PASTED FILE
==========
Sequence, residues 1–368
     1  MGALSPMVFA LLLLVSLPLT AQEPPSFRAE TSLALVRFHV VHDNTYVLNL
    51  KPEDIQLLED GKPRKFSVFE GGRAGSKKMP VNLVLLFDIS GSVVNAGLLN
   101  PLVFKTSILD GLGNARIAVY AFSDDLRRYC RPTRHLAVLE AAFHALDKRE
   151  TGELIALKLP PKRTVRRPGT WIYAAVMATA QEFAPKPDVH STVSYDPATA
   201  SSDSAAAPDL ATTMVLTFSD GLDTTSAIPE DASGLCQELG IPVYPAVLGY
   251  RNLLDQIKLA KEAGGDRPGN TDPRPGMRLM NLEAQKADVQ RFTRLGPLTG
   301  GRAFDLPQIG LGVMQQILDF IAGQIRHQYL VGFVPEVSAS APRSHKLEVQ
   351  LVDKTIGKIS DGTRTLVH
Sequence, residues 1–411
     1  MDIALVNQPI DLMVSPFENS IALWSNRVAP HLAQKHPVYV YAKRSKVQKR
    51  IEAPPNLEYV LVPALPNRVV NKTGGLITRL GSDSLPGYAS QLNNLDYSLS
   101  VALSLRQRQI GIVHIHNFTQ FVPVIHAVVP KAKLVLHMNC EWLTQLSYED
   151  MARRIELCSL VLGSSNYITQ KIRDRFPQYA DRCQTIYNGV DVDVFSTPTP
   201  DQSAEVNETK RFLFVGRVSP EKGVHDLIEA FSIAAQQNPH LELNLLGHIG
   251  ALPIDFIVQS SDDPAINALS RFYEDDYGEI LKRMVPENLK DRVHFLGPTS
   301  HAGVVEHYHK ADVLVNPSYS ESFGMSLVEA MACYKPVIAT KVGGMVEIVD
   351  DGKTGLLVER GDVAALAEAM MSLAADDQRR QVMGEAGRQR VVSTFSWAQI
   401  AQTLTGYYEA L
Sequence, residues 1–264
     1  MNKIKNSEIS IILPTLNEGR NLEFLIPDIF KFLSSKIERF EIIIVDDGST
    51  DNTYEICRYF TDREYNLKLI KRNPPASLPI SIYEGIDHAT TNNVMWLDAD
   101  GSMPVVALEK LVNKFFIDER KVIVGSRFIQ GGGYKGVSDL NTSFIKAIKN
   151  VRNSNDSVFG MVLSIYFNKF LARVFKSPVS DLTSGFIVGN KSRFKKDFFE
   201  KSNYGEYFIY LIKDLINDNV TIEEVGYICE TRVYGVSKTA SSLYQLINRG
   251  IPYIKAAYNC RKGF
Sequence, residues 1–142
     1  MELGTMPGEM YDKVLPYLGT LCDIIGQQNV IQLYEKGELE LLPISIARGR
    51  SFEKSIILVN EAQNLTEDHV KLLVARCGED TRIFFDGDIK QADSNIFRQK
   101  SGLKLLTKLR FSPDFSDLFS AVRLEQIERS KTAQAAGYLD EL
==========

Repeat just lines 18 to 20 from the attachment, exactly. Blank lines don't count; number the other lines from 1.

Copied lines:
   351  DGKTGLLVER GDVAALAEAM MSLAADDQRR QVMGEAGRQR VVSTFSWAQI
   401  AQTLTGYYEA L
Sequence, residues 1–264